The Smart Patient's Guide to
Chronic Pain Management

Opioids and Chronic Pain Management: Why It's So Complicated

Practical Pain Management spoke to Theresa Mallick-Searle, NP, a pain specialist at Stanford Health Care in the Division of Pain Management, Stanford University Medical School in California to help you understand the use of opioids—when they're appropriate and when they're not—in the management of pain and to elaborate on their complicated role.

View/download the sample contract  (PDF)

Q. When are opioids the preferred choice for pain?

Opioids are one of many pharmacological options for the management chronic pain. When choosing an opioid as part of the treatment regime, your doctor should weigh the risks with the potential benefits. Rarely are opioids used in isolation, they are generally part of a treatment plan that includes the use of other non-opioid analgesics, behavioral management therapies, physical therapy and possibly interventional therapies. (For more information about non-opioid treatments click here and here.)

There are basically two types of pain—acute and chronic. Acute pain is the predictable response to trauma, injury, surgery. It’s generally short lived, protective, and often responds to short-term opioid treatment.

Chronic pain, on the other hand is pain that persists beyond expected tissue healing (3 months or greater) and is often complicated by some persistent nerve or nervous system injury (such as with post-herpetic neuralgia or spinal cord injury). Chronic or persistent pain is much less responsive to short-term opioids and is controversial for long-term opioid treatment due to side effects and risks of dependency.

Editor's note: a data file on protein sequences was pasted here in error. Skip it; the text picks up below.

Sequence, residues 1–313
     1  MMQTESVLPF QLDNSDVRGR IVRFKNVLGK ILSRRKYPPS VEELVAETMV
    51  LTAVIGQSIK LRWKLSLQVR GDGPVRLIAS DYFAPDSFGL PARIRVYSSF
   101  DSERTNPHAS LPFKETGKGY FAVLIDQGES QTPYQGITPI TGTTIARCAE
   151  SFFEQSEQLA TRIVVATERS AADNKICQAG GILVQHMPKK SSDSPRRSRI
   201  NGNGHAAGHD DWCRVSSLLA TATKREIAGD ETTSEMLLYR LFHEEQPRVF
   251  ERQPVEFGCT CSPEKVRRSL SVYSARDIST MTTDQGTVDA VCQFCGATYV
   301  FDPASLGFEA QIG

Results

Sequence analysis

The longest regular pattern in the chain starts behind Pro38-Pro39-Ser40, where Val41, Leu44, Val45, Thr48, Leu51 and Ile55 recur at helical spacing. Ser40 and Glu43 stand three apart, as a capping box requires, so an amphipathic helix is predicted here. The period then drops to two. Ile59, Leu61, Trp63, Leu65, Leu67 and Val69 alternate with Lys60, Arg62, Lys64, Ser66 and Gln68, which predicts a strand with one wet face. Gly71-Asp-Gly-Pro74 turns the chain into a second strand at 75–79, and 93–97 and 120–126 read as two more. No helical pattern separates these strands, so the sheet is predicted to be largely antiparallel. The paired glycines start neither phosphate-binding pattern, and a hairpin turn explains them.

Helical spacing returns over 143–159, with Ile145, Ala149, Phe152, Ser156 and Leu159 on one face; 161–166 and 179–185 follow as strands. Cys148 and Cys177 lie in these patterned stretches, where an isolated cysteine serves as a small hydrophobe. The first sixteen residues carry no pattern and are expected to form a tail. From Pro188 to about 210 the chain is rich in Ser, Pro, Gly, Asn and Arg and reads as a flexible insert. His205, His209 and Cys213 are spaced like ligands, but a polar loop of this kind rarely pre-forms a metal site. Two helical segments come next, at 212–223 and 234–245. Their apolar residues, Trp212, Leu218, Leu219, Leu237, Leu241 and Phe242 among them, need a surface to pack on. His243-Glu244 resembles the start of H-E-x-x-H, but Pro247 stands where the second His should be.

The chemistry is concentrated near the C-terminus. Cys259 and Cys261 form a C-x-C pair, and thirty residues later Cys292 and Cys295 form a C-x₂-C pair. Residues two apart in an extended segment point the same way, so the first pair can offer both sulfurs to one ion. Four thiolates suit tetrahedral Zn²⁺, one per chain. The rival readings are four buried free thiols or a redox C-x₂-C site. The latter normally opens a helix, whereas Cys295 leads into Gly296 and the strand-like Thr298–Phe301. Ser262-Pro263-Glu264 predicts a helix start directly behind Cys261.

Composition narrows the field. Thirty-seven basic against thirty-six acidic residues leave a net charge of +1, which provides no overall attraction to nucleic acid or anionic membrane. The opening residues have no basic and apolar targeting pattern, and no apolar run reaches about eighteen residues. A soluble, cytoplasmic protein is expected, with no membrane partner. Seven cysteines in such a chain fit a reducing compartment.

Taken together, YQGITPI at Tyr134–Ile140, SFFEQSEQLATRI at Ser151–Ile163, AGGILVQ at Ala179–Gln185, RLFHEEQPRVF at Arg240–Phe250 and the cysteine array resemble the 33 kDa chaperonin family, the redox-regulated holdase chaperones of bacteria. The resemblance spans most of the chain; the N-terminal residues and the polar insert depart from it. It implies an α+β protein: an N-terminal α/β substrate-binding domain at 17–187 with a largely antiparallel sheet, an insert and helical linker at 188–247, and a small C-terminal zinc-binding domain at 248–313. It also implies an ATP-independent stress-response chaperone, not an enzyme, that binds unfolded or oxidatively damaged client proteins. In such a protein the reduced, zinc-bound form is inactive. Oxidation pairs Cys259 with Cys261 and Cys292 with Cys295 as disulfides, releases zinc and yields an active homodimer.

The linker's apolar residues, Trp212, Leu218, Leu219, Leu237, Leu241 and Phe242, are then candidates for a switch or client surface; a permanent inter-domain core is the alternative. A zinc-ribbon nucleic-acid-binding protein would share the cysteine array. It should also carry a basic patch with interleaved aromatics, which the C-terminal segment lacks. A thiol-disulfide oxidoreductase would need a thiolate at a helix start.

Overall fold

The best treatment for chronic pain is a multimodal therapy plan that could include intervention from a physical therapist, pain psychologist, complementary alternative medicine (i.e. acupuncture) and self-management techniques (such as changes to the diet and exercises regimes) to help you not only manage your pain effectively but learn to cope with it.

It's worth noting that chronic pain is associated with much psychological stress, disability and greatly impacts the family and society. A report conducted by the Institute of Medicine to assess the state of the science regarding pain research, care and education estimated a cost of $560-635 billion annually in direct medical treatment costs and lost productivity in the U.S. resulting from chronic pain.

Q. Why is there an opioid use crisis in the US?

Most clinicians and other healthcare providers receive little education around the complexities of managing pain, the potential for opioid abuse and the inherent risks of chronic opioid use. As a result, historically, the management of chronic pain has not been multi-dimensional which is the best approach.